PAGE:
Why Civility Failed - What is trickle-down economics?
The following is an excerpt from my 2022 book, Why Civility Failed:
Another reason that people don’t get along is that they have no idea what each others’ true positions are. They hear terms like “trickle-down economics” or “spiritual warfare” and get all angry without knowing what those terms actually mean. When they encounter someone who proudly supports such things, the conversation is much more often a yelling match than a learning experience.
It doesn’t help that there are a lot of lies floating around out there. I’ve been told that pro-life people believe in the authority of men over women and the church over the state, but every prolife person I’ve ever talked to has never said anything like that. For them, it’s all about protecting the lives of the unborn. I’ve also been told that those who endorse the old legal definition of marriage simply hate homosexuals, most likely because of religion, but I know that at least some of them make nuanced legal arguments reflecting legitimate concerns.
One of the things I tried to do on my old blog was to educate people as to what the issues actually are about. I have adapted some of my old posts to fill out this chapter. The more you know, the better arguments you can make.
What is Trickle-Down Economics?
Some people hate trickle-down economics. They speak of its “failure,” its “victims,” and they claim that it “doesn’t work.” On the other hand, some people like it – but what is it?
My first exposure to the term came from reading those who endorse it. They define it as the phenomenon that occurs when those of high productivity are able to keep more of their earnings, passing on the benefits to those with less productivity. In other words, when “the boss” has more money to dispose, (36) everybody gets a raise (especially when the boss’s competitors are giving out raises and he/she wants to retain employees). Benefits may not always take the form of higher wages, of course; they may also come in the form of lowered prices, increased hiring, or greater spending by “the boss” that ends up putting money in some other boss’s pocket, spreading the wealth around, eventually helping everyone.
Some rightly point out that “the boss” makes his money from the consumption of others, and so stimulating consumption (or removing anything that might be holding consumption back) also stimulates the economy and should result in increased wages, lower prices, or both. However, there are at least two problems with doing it this way. One is that increased consumption means increased demand, which will tend to raise prices, partly negating the effects. The other problem is that this indirect route is less efficient. Not all consumers are created equal. Some people are better at spending their money than others – at least in ways that will stimulate the economy as a whole. Some people are more productive than others, and since the value of one’s goods or services can be defined no other way than by the amount someone is willing to pay for them, productivity is equal to income. One who makes a lot of money must have generated something of value for so many to pay them so much for it (unless of course there is fraud or force involved), so those with money must be producing something of value to people.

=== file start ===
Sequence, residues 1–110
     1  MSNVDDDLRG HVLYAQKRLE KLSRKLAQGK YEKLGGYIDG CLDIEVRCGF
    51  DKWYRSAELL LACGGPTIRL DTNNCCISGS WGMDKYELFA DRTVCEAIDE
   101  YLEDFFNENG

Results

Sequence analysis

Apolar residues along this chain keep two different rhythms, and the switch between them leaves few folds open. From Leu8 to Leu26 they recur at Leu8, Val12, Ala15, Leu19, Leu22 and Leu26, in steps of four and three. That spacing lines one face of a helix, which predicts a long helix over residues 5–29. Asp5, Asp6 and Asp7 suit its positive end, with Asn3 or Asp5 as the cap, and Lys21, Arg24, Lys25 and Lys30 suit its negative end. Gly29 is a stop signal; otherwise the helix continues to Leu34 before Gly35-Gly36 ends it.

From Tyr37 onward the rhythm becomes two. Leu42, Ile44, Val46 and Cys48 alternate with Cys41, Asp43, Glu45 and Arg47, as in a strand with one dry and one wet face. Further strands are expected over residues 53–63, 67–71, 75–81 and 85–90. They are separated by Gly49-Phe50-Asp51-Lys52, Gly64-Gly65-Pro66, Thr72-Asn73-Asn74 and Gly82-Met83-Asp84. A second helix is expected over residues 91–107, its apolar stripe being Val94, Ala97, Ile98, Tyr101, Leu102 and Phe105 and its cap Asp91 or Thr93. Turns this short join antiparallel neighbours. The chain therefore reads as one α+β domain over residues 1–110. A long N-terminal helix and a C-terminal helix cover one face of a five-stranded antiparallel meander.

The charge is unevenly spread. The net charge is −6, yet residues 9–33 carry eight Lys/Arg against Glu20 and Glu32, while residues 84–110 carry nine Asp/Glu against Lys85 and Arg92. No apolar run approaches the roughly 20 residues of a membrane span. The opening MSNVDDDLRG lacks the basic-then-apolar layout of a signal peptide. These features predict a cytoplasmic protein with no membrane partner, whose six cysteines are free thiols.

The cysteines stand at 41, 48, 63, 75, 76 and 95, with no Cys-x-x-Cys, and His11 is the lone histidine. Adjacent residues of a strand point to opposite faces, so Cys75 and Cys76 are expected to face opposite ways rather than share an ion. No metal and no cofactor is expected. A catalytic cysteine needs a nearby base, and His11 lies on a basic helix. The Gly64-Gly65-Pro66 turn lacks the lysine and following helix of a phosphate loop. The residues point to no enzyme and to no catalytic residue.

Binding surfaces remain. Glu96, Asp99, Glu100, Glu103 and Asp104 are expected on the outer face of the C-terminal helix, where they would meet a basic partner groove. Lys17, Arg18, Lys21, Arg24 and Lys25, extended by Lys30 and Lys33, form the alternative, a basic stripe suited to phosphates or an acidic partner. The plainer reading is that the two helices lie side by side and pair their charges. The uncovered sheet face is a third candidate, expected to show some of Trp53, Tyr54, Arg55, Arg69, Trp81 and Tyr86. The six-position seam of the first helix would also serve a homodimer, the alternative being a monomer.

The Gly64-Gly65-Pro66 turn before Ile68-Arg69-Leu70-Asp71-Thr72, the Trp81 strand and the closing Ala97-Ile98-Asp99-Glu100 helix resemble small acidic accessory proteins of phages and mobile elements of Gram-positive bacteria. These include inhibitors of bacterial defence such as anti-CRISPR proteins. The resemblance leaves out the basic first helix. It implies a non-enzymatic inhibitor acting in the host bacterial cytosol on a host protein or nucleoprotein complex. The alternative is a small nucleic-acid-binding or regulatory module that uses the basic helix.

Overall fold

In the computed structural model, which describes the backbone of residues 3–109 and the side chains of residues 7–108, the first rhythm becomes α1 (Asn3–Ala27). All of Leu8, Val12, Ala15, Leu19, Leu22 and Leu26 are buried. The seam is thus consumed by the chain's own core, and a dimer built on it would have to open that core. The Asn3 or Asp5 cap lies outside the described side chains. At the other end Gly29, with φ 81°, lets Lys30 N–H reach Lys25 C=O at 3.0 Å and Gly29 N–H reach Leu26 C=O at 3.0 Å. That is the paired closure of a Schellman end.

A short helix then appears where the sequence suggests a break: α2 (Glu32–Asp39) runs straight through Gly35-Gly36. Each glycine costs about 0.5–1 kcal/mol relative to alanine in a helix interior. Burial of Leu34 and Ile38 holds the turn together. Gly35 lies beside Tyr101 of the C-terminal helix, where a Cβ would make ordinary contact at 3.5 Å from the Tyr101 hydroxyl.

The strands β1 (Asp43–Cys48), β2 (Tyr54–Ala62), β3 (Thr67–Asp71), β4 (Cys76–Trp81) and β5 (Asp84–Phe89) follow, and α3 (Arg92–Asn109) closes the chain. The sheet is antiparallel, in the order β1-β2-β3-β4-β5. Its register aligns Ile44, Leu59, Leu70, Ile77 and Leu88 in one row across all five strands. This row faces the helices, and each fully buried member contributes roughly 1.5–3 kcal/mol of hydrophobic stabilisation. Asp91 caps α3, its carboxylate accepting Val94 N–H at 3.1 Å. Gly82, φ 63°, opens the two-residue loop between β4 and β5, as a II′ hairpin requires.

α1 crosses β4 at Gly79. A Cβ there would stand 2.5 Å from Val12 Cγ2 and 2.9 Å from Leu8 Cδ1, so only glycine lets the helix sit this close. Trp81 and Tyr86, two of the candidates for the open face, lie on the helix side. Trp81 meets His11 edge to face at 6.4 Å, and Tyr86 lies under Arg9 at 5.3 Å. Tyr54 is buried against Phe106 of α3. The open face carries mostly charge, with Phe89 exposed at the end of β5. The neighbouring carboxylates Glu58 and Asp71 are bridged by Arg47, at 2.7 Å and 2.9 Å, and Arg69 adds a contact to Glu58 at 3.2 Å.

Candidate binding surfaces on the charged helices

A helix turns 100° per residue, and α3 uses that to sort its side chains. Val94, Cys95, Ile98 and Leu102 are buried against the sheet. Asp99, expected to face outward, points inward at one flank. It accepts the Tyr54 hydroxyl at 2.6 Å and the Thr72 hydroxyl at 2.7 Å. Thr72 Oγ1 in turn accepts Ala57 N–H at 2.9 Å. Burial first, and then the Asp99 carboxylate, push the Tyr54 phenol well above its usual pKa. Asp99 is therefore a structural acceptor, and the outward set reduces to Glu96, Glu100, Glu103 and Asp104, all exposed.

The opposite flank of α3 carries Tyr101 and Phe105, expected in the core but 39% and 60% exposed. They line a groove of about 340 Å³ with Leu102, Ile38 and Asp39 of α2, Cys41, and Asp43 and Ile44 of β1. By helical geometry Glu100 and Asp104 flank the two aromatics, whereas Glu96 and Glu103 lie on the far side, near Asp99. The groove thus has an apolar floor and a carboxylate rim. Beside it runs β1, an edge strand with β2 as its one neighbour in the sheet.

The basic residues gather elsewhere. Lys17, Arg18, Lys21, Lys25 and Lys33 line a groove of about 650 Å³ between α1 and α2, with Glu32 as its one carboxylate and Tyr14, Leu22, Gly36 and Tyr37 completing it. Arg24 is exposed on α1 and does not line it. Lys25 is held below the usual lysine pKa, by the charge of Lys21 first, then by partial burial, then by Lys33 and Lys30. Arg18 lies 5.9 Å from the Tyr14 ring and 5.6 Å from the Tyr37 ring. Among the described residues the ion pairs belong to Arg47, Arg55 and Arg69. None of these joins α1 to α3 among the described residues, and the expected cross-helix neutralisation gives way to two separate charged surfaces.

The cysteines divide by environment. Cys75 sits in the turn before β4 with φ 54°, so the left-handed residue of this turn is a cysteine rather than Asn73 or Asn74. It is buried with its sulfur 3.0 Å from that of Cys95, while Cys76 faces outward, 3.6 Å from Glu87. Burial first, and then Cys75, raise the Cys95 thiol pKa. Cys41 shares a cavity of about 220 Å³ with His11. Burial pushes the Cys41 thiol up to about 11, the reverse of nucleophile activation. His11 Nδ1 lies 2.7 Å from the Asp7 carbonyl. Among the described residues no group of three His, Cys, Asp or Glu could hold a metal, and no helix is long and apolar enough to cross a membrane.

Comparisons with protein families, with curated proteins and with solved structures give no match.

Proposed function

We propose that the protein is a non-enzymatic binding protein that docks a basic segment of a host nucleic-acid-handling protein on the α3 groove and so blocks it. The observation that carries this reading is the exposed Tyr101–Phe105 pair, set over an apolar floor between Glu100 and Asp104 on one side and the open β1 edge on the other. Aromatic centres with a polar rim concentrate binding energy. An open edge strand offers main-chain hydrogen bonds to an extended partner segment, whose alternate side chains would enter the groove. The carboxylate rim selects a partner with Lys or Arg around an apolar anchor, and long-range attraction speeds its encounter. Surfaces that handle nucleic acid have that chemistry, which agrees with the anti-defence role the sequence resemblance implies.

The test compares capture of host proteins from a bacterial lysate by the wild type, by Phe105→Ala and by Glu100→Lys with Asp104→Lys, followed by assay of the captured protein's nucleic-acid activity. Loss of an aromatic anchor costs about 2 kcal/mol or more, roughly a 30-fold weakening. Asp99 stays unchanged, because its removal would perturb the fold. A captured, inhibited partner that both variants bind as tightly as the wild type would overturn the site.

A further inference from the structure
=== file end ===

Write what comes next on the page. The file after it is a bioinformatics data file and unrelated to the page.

Of course, when “the boss” has “more money” is relative. More money than when? Since it is always possible for there to be more of a drain on the economy than there is, all economics is trickle-down economics. It is a redundant term. No matter how much of a drain there is on the economy, as long as some economic activity remains, and as long as somebody is receiving wages from someone else, there is trickle-down occurring. All economics is naturally trickle-down, because left alone, the (37) markets reward those with the greatest productivity the most, and they can then reward everyone else. No matter how much a society might deviate from this ideal by using forced redistribution of wealth, some economic activity will remain. All economics is free-market capitalism; it’s only a matter of how much there is. Even communistic, command-economies with much central planning experience some trade, whether it happens informally when the state isn’t looking, or whether it happens through the commands of the state. Government spending is still spending – but rarely by those who know best. It isn’t that government doesn’t work at all; it’s that the free market works better, and history seems to suggest that socialist economies grow slower.
This is why I was at first confused when I heard the claim that trickle-down economics hasn’t worked. That’s ridiculous; it’s the only thing that has ever worked. Where did all the wealth we have come from if not from trade? I eventually realized we were speaking different languages. What they mean by trickle-down is any large deviation towards freedom from our current capitalist/socialist compromise economy. I agree that extreme inequalities in wealth are concerning, for reasons I won’t get into now, and I like safety nets of some kind, though not necessarily the ones we have, so I empathize with those scared of pure capitalism. I just wish they would understand what trickle-down means before rejecting it.
Charting Possibilities is a reader-supported publication. To receive new posts and support my work, consider becoming a free or paid subscriber.